A newly issued Alaska State Legislature report held some grim findings about women living in the Last Frontier: They earn less than men, were imprisoned at a higher rate during the past 10 years, and have a suicide rate that’s twice the national average, among other problems, including homelessness and a lack of health care.
“Some of the numbers are shocking and disturbing. Sadly, some of them are what I expected,” noted Senator Lesil McGuire (R-Anchorage) in a press release about the report, which was completed by Alaska Legislative Research Services in December but only made public Tuesday at the senator’s request. “That’s why it is important for us to figure out what’s behind these numbers and come up with solutions which make Alaska better for our daughters and granddaughters.”
Senator McGuire requested the Status of Women Report after reviewing a 2010 Alaska Victimization Survey, which interviewed nearly 1,000 women and found that 59 percent have experienced domestic abuse, sexual violence, or both.
“We were waiting until the timing was right to release the report,” McGuire’s legislative aide Amy Saltzman told Yahoo! Shine, explaining that the office had spent the start of 2013 mired in issues including the recently passed oil tax bill.
Among the state’s upsetting findings: In 2010, women working in Alaska only earned 67 cents for each dollar a man earned (the national average is a still-low 77 cents to the dollar). As for crime and imprisonment, the number of women going to prison in Alaska is growing: In 2007, women made up 6.5 percent of Alaska’s prison population, but that number had jumped to nearly 11 percent in 2011.
Alaskan women are slightly more likely to have health coverage than Alaskan men, but the coverage for Alaskan women is still below the national average, with 21 percent going without (compared to the national rate of 20).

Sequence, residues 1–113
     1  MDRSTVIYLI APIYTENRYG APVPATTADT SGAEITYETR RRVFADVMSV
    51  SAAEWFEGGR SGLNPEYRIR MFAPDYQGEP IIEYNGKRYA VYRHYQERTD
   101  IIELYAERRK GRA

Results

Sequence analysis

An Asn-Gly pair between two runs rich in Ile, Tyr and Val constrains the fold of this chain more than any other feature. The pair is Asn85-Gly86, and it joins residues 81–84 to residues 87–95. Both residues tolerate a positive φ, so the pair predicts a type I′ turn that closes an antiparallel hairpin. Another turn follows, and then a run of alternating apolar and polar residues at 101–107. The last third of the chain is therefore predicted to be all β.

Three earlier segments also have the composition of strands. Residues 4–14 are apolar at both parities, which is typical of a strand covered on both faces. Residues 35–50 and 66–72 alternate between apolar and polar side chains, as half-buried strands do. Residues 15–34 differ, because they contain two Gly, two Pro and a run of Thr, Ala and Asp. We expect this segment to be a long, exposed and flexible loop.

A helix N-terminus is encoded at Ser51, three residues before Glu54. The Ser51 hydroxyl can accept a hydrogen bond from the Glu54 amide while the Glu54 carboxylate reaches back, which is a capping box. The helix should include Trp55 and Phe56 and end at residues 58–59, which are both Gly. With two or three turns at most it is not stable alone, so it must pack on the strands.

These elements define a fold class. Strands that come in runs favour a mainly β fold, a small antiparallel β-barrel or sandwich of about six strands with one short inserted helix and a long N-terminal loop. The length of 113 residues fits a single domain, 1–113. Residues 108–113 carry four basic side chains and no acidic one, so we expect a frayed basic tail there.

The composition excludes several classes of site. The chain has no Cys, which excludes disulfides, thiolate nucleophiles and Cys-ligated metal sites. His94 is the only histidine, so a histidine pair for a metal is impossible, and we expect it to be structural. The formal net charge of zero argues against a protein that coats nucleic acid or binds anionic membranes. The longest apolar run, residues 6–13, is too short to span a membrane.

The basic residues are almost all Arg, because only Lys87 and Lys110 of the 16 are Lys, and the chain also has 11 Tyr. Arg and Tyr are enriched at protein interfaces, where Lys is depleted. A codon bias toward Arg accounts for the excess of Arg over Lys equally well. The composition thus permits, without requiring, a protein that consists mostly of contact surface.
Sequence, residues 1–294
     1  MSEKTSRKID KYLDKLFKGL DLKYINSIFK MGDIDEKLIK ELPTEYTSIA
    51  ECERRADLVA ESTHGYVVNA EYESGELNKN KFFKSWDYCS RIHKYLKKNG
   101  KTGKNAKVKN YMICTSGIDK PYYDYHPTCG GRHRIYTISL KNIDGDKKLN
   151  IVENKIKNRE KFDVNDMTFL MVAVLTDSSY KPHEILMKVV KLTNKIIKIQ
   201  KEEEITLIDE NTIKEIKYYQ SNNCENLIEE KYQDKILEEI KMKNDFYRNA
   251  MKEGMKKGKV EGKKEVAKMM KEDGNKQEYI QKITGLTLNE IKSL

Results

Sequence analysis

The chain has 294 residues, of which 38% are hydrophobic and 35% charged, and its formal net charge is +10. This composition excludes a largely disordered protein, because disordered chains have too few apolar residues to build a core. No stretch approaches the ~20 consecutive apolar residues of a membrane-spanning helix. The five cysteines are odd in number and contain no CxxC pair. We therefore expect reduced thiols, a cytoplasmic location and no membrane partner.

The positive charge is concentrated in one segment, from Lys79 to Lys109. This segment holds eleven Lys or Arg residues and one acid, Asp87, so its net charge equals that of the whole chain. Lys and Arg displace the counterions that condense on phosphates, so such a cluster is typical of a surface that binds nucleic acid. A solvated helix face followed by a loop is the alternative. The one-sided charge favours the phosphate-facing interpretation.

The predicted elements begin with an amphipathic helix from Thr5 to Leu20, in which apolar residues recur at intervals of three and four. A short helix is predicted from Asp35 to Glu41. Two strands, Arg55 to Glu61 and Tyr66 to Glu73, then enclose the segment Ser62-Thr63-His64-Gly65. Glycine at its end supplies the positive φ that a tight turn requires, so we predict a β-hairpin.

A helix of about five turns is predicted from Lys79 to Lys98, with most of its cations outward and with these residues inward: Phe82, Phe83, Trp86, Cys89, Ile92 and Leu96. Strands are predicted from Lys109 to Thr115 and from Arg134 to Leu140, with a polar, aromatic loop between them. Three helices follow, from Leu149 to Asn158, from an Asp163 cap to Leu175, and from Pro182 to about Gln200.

In the mental-health realm, the suicide rate for women in Alaska is twice as high as the rate nationally—nearly 10 percent of girls in high school attempted suicide in 2011. In addition, nearly two-thirds of Alaskan women were found to be in treatment for alcohol related problems, compared to just one-third nationwide.
As far as homelessness is concerned, only 25 percent of single people in shelters were female in 2012—but, for adults in shelters considered part of a family, 62 percent were women with children. The report cited domestic violence—which has rates in Alaska among the country’s highest—as a major cause of homelessness for women and children.
So why the raw deal for women in this state? It may have something to do with the ratio of men to women there, which was noted in the state report as being higher in Alaska than in any other state, with 108.5 males to every 100 females. Nationally, there are 96.7 men to every 100 women. (Among the women in Alaska, 70 percent are white, over 17 percent Alaska native or Native American, and just 4 percent African American.)
To begin tackling the mountain of issues facing Alaskan women, Saltzman told Shine, the senator’s office plans to host a women’s summit in the fall, which will hopefully lead to community action efforts and new pieces of legislation.
“We need to take a very serious look at these numbers and figure out what we need to do to improve the status of women in Alaska,” Senator McGuire said. “These issues are at the core of Alaska’s high rates of domestic violence and sexual assault. If we figure out solutions to these problems, we’ll finally be able to stop those horrible epidemics and rebuild Alaska’s families.” (Yahoo! Shine)